Second verse, same as the first...
If you've seen Death Tube, then you've already seen Death Tube 2. The ingredients of this bloody concoction show up in slightly different proportions but the blandly familiar aftertaste remains the same.
Once again, we have 8 people plucked out of their normal lives so they can be unwilling participants in a lethal game called Death Tube. They are expected to take part in challenges, both physical and mental, where loss is usually accompanied by death. Cooperation helps them survive for a while until their captors decide to change the rules so that the herd is systematically thinned out. Now the survivors must think of a way to escape their predicament before the game claims them all.
I must warn you that I will have to enter spoileriffic territory to adequately discuss a few aspects of this film. If you haven't seen the first entry in the series yet and plan on doing so, I would suggest averting your gaze now. Death Tube was a fairly pedestrian entry in the horror genre. It followed the Saw format of deadly traps and moral dilemmas with little success. The performances were flat, the challenges were silly and most damningly, the gore was unimpressive. It really only brought one new idea to the table: cuddly villains with a perverse sense of humor. I'm talking of course about the grown men (and women?) walking around in giant bear costumes.
Let that sink in.
Giant friggin' bears. Despite its derivative nature, Death Tube was able to make me occasionally smile with the sight of giant theme park mascots pointing guns at people. I remember silently wishing for more scenes featuring the bears. Much to my regret, Death Tube 2 has answered my prayers. If anything, this film features too much of the giant, snuggly bastards. We see bears take comical spills. We see bears perform exaggerated double-takes. We even see bears doing the Thriller dance. Director Yohei Fukuda must have realized that the furry villains were the most entertaining portion of the first film. That would explain why they are severely overworked in this outing.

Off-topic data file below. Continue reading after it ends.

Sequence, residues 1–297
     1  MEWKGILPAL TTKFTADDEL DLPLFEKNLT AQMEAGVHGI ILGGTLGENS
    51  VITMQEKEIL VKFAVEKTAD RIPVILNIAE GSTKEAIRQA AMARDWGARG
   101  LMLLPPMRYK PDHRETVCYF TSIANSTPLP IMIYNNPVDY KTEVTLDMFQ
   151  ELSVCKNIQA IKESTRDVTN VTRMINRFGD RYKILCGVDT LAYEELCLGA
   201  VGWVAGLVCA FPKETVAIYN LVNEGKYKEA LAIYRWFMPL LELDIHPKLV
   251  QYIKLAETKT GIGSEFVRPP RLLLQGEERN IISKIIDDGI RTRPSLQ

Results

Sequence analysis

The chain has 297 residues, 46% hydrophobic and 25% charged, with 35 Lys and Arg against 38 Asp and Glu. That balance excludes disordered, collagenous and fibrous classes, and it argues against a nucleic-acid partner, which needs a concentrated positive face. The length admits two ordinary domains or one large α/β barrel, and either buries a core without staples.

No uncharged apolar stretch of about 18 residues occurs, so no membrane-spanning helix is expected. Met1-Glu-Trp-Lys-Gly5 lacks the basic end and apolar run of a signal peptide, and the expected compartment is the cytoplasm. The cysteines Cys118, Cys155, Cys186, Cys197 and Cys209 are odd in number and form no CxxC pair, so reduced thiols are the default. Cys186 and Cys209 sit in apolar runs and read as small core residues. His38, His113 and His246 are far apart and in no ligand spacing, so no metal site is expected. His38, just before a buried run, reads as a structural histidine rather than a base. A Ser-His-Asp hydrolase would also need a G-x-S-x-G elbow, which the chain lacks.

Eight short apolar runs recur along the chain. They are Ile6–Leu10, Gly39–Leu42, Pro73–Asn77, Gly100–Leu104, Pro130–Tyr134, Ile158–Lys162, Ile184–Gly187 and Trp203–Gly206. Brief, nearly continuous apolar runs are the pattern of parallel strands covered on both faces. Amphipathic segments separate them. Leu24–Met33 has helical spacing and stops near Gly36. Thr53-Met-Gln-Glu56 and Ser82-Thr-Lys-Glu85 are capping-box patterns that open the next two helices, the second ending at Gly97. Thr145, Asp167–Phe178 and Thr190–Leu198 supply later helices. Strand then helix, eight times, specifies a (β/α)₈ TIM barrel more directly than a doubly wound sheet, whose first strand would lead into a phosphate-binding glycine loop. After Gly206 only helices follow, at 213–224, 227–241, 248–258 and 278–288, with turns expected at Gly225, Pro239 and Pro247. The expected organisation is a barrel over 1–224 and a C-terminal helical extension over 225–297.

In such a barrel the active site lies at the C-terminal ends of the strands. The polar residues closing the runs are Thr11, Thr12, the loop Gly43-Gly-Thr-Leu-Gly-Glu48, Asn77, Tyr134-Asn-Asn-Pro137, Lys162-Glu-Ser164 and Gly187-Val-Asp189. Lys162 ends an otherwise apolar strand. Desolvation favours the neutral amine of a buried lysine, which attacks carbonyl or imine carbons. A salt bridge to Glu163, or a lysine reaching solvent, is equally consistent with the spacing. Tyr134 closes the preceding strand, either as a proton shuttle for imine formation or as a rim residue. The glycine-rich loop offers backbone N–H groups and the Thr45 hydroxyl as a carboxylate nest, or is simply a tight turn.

The Death Tube films want to walk a fine line between horror and humor (if all my talk of murderous bears hadn't tipped you off yet). While the first film clearly leaned towards the horror side of the fence, this entry shifts the balance back towards something resembling broad satire. Even a few of the kills are played for laughs. At one point, a contestant is taken out by a mini wrecking ball. The punch line there is mini. While I agree that this tone is a better fit for the material, the end result is still disappointing and underdeveloped. The ursine hijinks consistently upstage the events of the game. It's tough to care about whether anyone in the film lives or dies when the most developed characters are inside bear suits.
There isn't much to be said about the performances. The characters are merely warm bodies meant to turn cold by the end of the flick and this knowledge seems to be writ large on the faces of the entire cast. Director Fukuda doesn't insult the audience too much by rehashing the entire plot of the first film but he still doesn't build up the second one enough to justify its existence.